In order to function in social settings, introverts have this hidden meter that they must keep at a certain level in order to deal with people. They regenerate and become socially acceptable again, by engaging in solitary activities, or isolating themselves for periods of time. The psychology student I know also pointed out that introverts love jobs where they work alone all day.

So I am a writer. Strike one.

I was well known in college as the girl who was the life of the party, throwing back drinks, seemingly talking with everyone, having an amazing time. I was also notorious for being the first one to be half way across campus, heading for bed at literally the flip of a switch. Strike two.

At my job I spend a lot of time interacting with students on a constant level, assisting, talking with, tutoring, playing social worker to approximately 200 or more students a day. I really enjoy it, but when I get home, my ass is in jammies, in my room, doing online crosswords, or reading a book, while I listen to music that is only sold at yoga studios. The phrase, “oh, I didn’t know you were home” has been uttered by many of my confounded roommates when bodily functions that require a bathroom or a kitchen have forced me to crawl out of my lair.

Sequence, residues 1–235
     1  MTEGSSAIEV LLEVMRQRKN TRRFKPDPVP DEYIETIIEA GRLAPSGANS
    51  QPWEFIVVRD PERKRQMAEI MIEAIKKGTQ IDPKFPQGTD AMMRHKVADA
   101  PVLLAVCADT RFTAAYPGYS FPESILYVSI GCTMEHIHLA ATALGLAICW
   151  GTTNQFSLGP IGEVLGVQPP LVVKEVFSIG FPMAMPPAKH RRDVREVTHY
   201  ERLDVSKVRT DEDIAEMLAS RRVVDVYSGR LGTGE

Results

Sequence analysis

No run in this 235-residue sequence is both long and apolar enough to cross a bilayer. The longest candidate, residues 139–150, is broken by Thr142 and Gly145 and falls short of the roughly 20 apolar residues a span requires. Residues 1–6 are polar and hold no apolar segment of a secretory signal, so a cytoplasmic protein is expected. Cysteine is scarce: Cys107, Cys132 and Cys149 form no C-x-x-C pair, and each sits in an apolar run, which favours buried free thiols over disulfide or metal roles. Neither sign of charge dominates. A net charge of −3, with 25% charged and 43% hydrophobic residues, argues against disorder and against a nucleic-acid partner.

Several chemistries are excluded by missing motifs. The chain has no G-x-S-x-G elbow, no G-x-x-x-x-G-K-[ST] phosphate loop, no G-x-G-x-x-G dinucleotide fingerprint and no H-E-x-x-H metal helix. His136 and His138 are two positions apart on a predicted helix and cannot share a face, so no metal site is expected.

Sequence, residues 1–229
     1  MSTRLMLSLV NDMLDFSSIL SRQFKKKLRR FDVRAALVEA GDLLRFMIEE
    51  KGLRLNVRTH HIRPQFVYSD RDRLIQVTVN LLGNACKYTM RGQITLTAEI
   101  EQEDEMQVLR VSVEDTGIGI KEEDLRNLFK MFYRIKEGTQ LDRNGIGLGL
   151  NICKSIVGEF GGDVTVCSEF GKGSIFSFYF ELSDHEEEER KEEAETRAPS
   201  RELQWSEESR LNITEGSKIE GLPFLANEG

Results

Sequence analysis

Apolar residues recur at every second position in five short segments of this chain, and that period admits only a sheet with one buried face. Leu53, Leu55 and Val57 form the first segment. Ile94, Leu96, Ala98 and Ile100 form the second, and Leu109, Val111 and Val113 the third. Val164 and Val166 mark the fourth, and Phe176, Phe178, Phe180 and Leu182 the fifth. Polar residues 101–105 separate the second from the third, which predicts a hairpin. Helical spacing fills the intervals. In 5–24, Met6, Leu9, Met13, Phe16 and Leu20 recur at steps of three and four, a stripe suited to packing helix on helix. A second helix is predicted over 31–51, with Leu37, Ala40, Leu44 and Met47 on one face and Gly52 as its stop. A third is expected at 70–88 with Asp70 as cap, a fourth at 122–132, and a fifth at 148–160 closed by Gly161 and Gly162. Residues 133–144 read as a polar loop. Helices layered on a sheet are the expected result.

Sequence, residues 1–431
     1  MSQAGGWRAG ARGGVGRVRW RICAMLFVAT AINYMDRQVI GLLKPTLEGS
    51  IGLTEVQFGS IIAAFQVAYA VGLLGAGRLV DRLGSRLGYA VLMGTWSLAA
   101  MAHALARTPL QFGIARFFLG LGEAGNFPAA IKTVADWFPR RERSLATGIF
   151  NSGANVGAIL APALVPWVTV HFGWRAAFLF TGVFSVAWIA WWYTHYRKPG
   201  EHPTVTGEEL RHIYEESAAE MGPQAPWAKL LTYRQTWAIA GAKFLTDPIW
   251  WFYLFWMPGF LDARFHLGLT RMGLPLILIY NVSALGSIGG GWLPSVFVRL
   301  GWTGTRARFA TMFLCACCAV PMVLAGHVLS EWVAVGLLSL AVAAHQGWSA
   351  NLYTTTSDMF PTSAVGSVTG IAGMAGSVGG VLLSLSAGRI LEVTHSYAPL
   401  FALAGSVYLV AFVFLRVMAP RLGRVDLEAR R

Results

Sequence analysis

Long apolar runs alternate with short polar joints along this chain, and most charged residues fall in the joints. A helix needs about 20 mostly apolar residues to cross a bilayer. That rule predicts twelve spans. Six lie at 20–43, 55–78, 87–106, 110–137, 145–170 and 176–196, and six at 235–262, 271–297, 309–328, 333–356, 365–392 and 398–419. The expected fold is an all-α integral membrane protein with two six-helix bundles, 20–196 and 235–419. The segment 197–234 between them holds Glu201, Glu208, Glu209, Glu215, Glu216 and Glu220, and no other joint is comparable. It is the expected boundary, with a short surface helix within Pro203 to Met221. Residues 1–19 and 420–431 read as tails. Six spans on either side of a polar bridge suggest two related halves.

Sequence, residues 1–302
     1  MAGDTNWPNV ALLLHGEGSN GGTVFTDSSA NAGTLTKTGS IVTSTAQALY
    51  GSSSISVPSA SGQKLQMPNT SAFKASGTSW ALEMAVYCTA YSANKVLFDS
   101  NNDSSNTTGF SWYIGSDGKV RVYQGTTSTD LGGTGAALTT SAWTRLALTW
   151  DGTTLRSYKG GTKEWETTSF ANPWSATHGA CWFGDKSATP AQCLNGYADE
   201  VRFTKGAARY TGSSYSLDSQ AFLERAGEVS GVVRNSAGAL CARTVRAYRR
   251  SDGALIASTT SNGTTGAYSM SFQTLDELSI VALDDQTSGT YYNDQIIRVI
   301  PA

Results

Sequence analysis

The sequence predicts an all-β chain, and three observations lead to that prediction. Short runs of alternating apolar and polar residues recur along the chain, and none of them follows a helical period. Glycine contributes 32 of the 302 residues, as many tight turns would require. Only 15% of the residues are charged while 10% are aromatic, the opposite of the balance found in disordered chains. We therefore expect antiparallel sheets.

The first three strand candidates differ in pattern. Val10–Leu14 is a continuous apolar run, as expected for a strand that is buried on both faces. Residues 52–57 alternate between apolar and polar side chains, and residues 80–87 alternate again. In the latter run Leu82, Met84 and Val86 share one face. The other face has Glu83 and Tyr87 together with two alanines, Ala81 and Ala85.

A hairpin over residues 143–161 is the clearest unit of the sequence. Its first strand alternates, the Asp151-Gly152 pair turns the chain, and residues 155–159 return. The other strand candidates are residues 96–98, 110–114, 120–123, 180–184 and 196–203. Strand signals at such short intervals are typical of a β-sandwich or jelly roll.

Alright, I concede.

This realization explains why so many of the last eight years of Christmases have made me feel like I am suffocating under an avalanche of exhaustion. Eight years ago we started traveling to my mother’s husband’s family home for Christmas. There’s nothing intrinsically wrong on that front. I’m not bitter that my mom remarried at all, but keep in mind that for the first twenty years of my life the day never involved more than three people total at a time—either Dad or later on Grandpa, always Mom and then me. So when the “core” family, the smallest amount that will be around at anytime is now six, coupled with the constant revolving door of other family members, plus extended family, plus friends, plus all there little children, and I’m not in my house with a bedroom with a door that I can lock myself away in for at least two hours a day—the fatigue becomes unbearable.